For a couple with four young children (and another on the way), the family-friendly stretch of sand known as Stone Harbor along the southern New Jersey coast struck just the right chord. Having summered there as a child, the wife knew it came with all the right nostalgia. But the town's easygoing location—outside the high-energy bustle of busier Shore towns—was ideal, too: no frills or Ferris wheels, just water, sun, and spectacular sunsets, all of which offered inspiration for the radiant hues in this happy vacation home.
The Philadelphia-based owners hired designer Michael Murphy, with whom they had worked on several previous projects, to shape the interior and exterior details of the 2,700-square-foot, cedar-shingled house. "The trick was to not make the house feel overly decorated, but to still keep it colorful and livable," he says.
Get the Look: The trim of the cedar-shingle/stone house is painted Decorators White by Benjamin Moore.
Having spent childhood summers in Stone Harbor himself, Murphy tapped into personal memories from life there in the 1960s and '70s to come up with a plan for inviting and vibrant rooms, like the kitchen's surprising jolt of retro Granny Smith green. "I wanted something unexpected, a fun hue that would almost act as a time capsule. When I was growing up, people had those green kitchens. They were so chic," says Murphy. The punchy hue is tempered by organic elements like reclaimed barnwood floors and a large white-oak island, which Murphy custom designed and paired with sleek metal counter stools and light green cushions.
Upstairs, the wife had a singular request: to create a lounge area that feels like you are stepping into the sunlight. Thus the mood on the second floor is bright and warm, with zippy hues such as mustard or tangerine that are "definitely out of the ordinary," the designer explains. The room opens up via sliding glass doors onto a beachfront deck outfitted in vermilion cushions. "The sunset is magical from out there," Murphy says. "We wanted it to feel like the colors of the sky are being pulled into the house, like you are standing in rays of light." Once the sun goes down, the Roman shades and blackout curtains can be drawn, transforming the luminous room into a family movie theater by night. "All the lounge upholstery is indoor/outdoor, so they can eat and drink whatever they want and not worry about a thing," says the designer.
Making the home functional and organized for seven people in a relatively tight footprint was an exercise in creativity. Murphy designed more than 70 custom built-ins throughout the house, including the boys' bunk beds that reference a classic railroad Pullman car and include shelving for easy access to books and games. The need for practicality, however, didn't hamper his sense of whimsy.
Get the Look: The boys' bunk room is painted with exterior white paint by Benjamin Moore.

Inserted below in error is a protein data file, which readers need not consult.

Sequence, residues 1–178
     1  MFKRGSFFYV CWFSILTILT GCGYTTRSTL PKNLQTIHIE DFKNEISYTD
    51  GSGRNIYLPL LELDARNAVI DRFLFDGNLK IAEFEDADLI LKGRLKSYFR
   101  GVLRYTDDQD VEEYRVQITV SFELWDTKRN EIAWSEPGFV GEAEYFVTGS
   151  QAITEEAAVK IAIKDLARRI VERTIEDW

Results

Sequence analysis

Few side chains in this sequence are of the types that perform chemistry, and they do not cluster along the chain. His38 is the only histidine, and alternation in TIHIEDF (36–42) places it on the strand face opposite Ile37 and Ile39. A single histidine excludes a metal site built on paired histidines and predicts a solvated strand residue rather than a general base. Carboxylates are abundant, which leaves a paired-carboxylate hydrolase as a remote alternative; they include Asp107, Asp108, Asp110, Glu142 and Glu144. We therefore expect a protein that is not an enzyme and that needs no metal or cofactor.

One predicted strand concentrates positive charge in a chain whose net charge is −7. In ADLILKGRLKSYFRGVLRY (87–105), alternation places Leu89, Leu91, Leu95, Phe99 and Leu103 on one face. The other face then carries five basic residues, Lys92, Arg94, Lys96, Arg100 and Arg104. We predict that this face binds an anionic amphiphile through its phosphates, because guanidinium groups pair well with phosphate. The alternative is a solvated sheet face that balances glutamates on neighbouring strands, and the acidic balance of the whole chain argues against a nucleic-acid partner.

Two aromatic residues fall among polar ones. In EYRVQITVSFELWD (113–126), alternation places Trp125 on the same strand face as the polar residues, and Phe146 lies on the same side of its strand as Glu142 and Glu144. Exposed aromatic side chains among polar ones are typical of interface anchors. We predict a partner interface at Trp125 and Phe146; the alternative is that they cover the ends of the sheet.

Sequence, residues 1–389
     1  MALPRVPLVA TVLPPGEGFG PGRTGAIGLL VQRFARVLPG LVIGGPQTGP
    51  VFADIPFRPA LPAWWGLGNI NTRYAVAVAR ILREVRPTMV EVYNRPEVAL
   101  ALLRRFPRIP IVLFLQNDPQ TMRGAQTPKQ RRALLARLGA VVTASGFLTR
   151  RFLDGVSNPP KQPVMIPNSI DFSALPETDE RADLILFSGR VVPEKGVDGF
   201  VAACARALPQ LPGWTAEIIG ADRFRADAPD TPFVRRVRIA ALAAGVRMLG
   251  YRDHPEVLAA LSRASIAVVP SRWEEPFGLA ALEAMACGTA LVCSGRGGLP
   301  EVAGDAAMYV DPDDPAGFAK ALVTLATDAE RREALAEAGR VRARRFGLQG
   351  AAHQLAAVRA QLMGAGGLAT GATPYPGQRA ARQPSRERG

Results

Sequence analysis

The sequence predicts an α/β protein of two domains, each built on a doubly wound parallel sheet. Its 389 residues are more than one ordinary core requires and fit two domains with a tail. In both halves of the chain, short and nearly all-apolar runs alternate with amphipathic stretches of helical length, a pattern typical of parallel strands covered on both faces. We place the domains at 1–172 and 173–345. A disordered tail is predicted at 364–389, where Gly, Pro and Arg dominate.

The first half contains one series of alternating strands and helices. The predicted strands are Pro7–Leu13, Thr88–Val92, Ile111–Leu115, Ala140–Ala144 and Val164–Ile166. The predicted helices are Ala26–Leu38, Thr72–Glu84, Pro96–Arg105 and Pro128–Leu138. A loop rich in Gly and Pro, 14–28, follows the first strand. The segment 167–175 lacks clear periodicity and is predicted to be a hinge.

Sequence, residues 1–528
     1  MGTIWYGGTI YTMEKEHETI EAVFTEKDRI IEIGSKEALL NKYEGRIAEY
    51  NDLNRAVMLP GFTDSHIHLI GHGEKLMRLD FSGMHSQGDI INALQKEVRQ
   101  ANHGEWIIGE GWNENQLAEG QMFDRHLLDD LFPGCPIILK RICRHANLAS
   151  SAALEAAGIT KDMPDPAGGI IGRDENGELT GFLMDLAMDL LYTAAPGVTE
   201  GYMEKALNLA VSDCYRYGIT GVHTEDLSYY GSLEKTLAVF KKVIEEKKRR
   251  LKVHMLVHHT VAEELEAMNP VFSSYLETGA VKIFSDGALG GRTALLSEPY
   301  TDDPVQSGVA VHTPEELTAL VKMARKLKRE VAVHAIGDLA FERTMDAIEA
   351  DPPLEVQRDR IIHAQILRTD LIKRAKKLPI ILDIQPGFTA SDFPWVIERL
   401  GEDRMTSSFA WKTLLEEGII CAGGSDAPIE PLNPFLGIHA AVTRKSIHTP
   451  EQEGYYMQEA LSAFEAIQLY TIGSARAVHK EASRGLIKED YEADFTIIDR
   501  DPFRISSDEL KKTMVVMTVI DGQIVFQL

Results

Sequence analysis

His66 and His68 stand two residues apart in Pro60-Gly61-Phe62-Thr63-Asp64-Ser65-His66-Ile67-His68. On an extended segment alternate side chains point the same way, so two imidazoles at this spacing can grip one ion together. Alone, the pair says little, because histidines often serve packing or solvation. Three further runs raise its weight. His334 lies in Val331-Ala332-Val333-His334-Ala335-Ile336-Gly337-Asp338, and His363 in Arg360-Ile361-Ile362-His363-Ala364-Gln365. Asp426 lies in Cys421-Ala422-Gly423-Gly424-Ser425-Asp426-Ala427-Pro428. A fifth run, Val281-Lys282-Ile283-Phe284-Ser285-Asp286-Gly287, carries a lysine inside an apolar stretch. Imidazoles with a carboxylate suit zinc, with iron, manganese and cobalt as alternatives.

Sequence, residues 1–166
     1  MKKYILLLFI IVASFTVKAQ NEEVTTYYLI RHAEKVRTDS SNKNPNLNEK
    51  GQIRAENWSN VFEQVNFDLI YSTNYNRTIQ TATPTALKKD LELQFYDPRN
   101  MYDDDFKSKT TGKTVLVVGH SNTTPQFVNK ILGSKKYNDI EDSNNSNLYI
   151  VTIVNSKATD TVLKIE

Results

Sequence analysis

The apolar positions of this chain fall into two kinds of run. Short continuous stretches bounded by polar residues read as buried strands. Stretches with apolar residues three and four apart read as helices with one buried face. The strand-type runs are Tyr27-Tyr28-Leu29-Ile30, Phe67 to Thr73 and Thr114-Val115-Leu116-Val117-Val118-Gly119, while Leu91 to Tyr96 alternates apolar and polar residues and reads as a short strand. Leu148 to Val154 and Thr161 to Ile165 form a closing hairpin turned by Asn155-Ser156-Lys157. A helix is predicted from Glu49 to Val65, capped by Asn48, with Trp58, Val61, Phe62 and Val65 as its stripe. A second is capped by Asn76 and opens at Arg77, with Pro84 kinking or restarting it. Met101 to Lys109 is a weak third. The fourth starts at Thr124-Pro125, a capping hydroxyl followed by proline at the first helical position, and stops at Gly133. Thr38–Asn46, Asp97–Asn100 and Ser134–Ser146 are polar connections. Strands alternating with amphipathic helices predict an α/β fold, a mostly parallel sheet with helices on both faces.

A diamond-patterned painted floor, for example, grounds the playroom in fun, seafaring colors (like aqua, green, and navy) and is complemented by striped teal shades lining the windows. Overhead, a collection of vintage surfboards attached to the ceiling rafters pays homage to the family's hang-ten hobby, while a hand-carved crab game table completes the marine montage. The kid-friendly space can be closed of from the kitchen/den area by 7-foot-long barn doors.
Get the Look: Stained pine paneling sets a beachy vibe in the playroom, where vintage surfboards hang from the rafters. The shade fabric is by Donghia, and the Papa chair is vintage.
Indoors and out, Murphy ensured the family's living spaces adapt well to entertaining friends. For instance, everything on the first floor—the kitchen island, the solid oak dining table, the Sister Parish–inspired sectional sofa (designed by Murphy)—can be rolled aside to make one large, open room for entertaining.
Likewise, on the main deck, a picnic table can be rolled anywhere along a 50-foot bench that spans the length of the space and borders a lush expanse of beach grass that separates the house from the sand. With movable bench backs and cushions, the family and their guests can follow sun or shade. The area becomes an extension of the den and kitchen, with a pass-through outdoor service window for free-flowing living and entertaining in the fresh air.
Get the Look: A slate patio and teak bench stretch along the ocean side of the home. The cushion fabric is by Perennials.
"We added decks and sitting areas everywhere we could," Murphy says, noting that the family's foremost goal is to enjoy the sunshine.
Get the Look: Adjacent to the sundeck is a shaded outdoor lounge. The globe fixture is by Rejuvenation.
Drawing upon nostalgia, creative design ideas, and bold colors, Murphy has created a playful yet practical retreat for this active young family of surfers, fishermen, and sand castle builders. Every available space offers storage; every room offers smiles. Sunshine abounds, as do coastal references such as crabs and surfoards, as well as one very impressive fish gate. "The owner requested a fishing reference, and I said, "Oh I can do better than that!"" notes Murphy, who created the gate from an icon he salvaged from Manhattan's South Street Seaport. From sunset-inspired fabrics to retro cabinet colors, the home reflects the family's long love affair with Stone Harbor. More than anything, Murphy explains, "we wanted to keep the home true to the Jersey Shore."
Get the Look: Designer Michael Murphy custom designed the swing on the screened porch. The wicker chairs are vintage.